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Title: On some causes and consequences of patterns in food web structure
Author: Thierry, Aaron Tomos
ISNI:       0000 0004 2744 5026
Awarding Body: University of Sheffield
Current Institution: University of Sheffield
Date of Award: 2012
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Food webs, the graphical depictions of feeding interactions between species, have long fascinated ecologist. They now occupy a key role in ecological science due to the unique perspective on the staggering complexity of natural systems that they provide. There have been several attempts at developing theories to explain the structural properties of these ecological networks, which have met with relatively good success. However, we are as yet lacking a mechanistic understanding of the processes that structure food webs. Recently, in an attempt to address this, the focus of food web studies has shifted to the role of the individual consumer and whether we can scale from our understanding of foraging behaviour to predict the structural and dynamical properties of food webs. As a result of this there has arisen a need for individual based models and empirical datasets to provide us with a firm foundation to scale across levels of ecological organisation. In this thesis I demonstrate, using a mathematical model, how the foraging behavior at the level of individuals can provide us with novel and useful insights into the causes and consequences of patterns in food webs structure. I also present results analyzing a novel individual based data set to survey and enrich these links across levels of organization. My findings strongly suggest that understanding the variation of size structure among ecological networks requires knowledge about the causes of variation in individual foraging behaviour. Other work included in this thesis demonstrates both how modelling foraging behaviour of individuals and its effects on food web topology alters our expectations about the likely consequences of extinctions in food webs. And finally how insights gained from modelling individual based foraging can enable us to build theoretical tools to compensate for the sampling effects that have dogged food web data sets. The results of this thesis contribute in a significant to the growing synthesis of ideas linking individuals to ecosystems.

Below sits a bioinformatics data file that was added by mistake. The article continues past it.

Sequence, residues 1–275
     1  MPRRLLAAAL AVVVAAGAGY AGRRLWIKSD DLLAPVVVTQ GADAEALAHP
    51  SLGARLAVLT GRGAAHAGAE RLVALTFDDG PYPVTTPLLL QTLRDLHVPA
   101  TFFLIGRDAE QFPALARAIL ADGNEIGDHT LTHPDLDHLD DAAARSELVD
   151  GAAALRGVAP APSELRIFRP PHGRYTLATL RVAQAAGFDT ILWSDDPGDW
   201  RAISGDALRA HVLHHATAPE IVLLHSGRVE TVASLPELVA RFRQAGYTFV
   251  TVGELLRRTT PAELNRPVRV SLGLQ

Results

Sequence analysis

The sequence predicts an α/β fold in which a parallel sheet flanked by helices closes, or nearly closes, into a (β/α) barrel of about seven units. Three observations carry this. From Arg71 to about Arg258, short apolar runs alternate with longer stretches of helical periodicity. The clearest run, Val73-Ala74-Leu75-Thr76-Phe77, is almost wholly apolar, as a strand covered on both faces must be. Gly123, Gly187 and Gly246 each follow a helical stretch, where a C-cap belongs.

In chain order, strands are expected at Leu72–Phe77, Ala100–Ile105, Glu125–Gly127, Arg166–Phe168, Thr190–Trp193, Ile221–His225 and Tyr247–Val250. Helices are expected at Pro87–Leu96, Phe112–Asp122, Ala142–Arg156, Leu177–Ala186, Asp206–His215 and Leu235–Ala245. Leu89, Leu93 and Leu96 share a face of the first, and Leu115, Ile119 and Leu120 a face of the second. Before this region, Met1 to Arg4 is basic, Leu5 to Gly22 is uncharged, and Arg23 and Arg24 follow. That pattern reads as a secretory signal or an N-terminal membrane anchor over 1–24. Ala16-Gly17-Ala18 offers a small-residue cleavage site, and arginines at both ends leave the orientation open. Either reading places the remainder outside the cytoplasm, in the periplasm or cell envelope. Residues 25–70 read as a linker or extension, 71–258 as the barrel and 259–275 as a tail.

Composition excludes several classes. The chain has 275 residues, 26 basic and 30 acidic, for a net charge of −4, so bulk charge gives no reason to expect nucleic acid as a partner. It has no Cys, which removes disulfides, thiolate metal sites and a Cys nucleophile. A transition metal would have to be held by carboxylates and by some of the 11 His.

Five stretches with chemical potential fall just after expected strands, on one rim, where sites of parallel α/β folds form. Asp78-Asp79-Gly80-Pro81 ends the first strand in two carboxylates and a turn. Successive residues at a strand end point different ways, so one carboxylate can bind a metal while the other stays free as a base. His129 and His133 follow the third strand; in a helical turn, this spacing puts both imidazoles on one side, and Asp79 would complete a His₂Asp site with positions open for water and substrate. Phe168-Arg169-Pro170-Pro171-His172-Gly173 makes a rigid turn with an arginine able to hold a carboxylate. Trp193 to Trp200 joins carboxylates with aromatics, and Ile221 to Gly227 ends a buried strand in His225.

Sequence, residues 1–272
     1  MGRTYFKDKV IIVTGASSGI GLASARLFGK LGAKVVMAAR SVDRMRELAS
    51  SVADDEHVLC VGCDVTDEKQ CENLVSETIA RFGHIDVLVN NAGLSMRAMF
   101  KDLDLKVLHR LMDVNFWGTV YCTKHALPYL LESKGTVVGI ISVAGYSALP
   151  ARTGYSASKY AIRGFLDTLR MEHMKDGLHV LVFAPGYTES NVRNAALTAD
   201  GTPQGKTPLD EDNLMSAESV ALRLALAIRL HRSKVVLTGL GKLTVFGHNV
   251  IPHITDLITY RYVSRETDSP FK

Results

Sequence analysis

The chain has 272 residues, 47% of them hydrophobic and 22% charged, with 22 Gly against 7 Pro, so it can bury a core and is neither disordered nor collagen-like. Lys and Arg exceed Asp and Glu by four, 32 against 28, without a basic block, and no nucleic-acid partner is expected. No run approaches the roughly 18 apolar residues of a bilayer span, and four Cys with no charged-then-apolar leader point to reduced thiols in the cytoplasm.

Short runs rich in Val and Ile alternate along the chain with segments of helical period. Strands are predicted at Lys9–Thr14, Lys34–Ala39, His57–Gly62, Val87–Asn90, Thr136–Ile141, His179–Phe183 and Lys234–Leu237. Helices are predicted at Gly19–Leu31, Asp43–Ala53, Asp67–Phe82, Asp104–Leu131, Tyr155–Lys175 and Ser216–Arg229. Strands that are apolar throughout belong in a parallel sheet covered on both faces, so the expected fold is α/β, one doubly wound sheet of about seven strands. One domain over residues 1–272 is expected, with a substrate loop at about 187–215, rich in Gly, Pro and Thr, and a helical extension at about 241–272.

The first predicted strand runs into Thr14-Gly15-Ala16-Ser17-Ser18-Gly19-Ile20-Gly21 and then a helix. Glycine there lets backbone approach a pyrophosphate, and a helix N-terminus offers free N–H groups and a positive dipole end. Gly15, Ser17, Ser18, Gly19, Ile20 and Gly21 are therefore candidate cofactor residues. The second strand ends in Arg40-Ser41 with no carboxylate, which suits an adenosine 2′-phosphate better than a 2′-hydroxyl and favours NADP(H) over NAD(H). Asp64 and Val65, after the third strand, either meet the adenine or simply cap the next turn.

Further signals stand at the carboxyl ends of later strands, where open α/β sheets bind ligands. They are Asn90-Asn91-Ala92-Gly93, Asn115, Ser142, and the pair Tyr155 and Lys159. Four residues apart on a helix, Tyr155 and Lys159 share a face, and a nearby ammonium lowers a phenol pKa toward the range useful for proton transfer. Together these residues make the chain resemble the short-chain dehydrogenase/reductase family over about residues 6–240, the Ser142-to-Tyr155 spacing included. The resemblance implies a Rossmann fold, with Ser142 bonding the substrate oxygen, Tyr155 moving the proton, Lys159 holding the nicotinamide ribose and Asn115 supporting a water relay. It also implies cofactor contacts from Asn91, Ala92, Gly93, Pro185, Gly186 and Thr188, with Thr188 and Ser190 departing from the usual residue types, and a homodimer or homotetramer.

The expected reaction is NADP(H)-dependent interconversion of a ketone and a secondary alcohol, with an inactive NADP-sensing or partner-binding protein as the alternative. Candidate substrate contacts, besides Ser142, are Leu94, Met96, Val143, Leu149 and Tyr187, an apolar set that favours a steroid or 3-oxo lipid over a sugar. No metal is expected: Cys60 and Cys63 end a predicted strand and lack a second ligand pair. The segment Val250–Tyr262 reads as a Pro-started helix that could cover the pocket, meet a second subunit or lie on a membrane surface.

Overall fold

Supervisor: Beckerman, A. P. Sponsor: Not available
Qualification Name: Thesis (Ph.D.) Qualification Level: Doctoral
EThOS ID:  DOI: Not available